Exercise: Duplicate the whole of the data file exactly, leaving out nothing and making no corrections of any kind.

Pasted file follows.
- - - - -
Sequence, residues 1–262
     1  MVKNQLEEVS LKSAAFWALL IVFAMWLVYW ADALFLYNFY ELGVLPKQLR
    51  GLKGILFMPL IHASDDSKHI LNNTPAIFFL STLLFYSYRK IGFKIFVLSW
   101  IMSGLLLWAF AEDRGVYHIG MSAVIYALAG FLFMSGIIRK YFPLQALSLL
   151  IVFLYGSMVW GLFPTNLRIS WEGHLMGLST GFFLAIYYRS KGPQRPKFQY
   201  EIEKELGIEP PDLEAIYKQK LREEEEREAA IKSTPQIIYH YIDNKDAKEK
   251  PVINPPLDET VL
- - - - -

Sequence, residues 1–262
     1  MVKNQLEEVS LKSAAFWALL IVFAMWLVYW ADALFLYNFY ELGVLPKQLR
    51  GLKGILFMPL IHASDDSKHI LNNTPAIFFL STLLFYSYRK IGFKIFVLSW
   101  IMSGLLLWAF AEDRGVYHIG MSAVIYALAG FLFMSGIIRK YFPLQALSLL
   151  IVFLYGSMVW GLFPTNLRIS WEGHLMGLST GFFLAIYYRS KGPQRPKFQY
   201  EIEKELGIEP PDLEAIYKQK LREEEEREAA IKSTPQIIYH YIDNKDAKEK
   251  PVINPPLDET VL